The Samsung Galaxy Note “phablet” as some like to call it is finally making its way to T-Mobile. The phone has been available for some time both internationally as well as from AT&T, but August 8th T-Mobile will join the list. What makes this phone special you ask? It has a 5.3-inch Super AMOLED HD display that is just massive, but looks amazing. That isn’t all either. You should know plenty about the Note already, but if not stay tuned for more details.

We’ve reviewed the Samsung Galaxy Note here at Android Community more than a few times. To start you’ll want to see our international model review, then the AT&T Galaxy Note review. What we have today is essentially the exact same impressive and unique device, only on the magenta carrier we all know and love as T-Mobile. One major difference is we are running Android 4.0 Ice Cream Sandwich out of the box, as Samsung has recently updated most their phones.

The hardware from the folks at Samsung and T-Mobile is exactly the same as the other Note models. We have a bright and vivid 5.3-inch Super AMOLED HD screen rocking a crisp 1280 x 800 resolution. The phone is so wide we get 5 apps from side to side, rather than 4 like most other Android smartphones. Under the hood isn’t the new Qualcomm S4 processor all the recent Samsung phones have, but it still chugs along great with the 1.5 Ghz dual-core Qualcomm S3 processor, 1GB of RAM, 16GB of internal storage as well as micro-sd option for more.

Then it gets that quality 8 megapixel rear camera, 2 megapixel front for video chat, a huge 2,500 mAh battery, and of course the stylus or “S-Pen” as Samsung likes to call it. Off to the right we have the power/wake button, the left side has the lone volume rocker, with the headphone port up top and the micro-USB charging port sitting at the bottom. Again, this is the exact same Galaxy Note that’s been available for almost a year, so the device shouldn’t be too new for anyone.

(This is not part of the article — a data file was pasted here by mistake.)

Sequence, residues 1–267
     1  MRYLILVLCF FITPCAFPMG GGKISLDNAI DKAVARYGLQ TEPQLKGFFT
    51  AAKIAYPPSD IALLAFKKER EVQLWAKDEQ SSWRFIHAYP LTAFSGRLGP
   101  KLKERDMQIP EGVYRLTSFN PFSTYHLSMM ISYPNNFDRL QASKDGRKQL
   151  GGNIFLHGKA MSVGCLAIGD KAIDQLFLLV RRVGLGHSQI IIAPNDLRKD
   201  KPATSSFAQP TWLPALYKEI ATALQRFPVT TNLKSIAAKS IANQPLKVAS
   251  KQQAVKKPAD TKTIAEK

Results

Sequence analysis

If you’ve never used the Galaxy Note, it’s huge. By far the biggest phone I’ve ever held in my hand, but the extremely thin 9.6 mm design and rounded edges makes it easy to hold, ergonomic given its size, and fairly pocketable. At first it might seem too big, but you’ll quickly get used to it — plus playing games or watching YouTube is awesome. This large of a phone might not be for everyone, but if you like the idea you’ll love the phone from T-Mobile.

For the software like mentioned above we have Android 4.0.4 Ice Cream Sandwich. Which was the latest and greatest until Google dropped Jelly Bean last month. Samsung just updated their previous Note phones to ICS this month, so we’ll have to wait for Android 4.1 Jelly Bean. However, Ice Cream Sandwich brings some welcomed changes, awesome performance, face unlock security, and Samsung’s premium suite of apps for the S-Pen stylus.

While it’s the AT&T flavor, here’s a quick video showing you the neat new features included with Android 4.0 on the Galaxy Note that will make that stylus really come in handy for business professionals, to Draw Something game fans.

Galaxy Note Premium Suite apps hands-on

With Formula Match you’ll be using your S-Pen to write out equations that will instantly be translated into perfectly legible text, first of all, then will be entered into Wolfram Alpha to be either solved or graphed — awesome. In the hands-on video we use a simple x and y equation to show how graphing works with this setup.

Then the fun for kids and adults Shape Match ability makes your circles, triangles, squares, rectangles, and more, one whole heck of a lot more perfect. Draw a wobbly circle and POOF, it’s corrected to perfection. Draw several lines in a row, and bang! They’re all straight! Even if you have no use for this ability whatsoever, it’s still rather fun to watch – it’s like magic!

The Handwriting-to-text function has you able to write a word, have it translated to standard text, hit the space bar button, and write another word, and so on and so forth. This ability seems to be more of a proof of concept than it does an extremely helpful ability – and you’ll see this ability utilized fabulously with both Knowledge Search and Formula Match.

Inside Knowledge Search you’ll find Wolfram Alpha put to the test as you write out questions word by word and have that engine solve your quandary. Make sure you ask it severely difficult questions like “where am I” and “what does an Android look like?” This isn’t quite Google Now or S-Voice, but it’s a nice additional feature.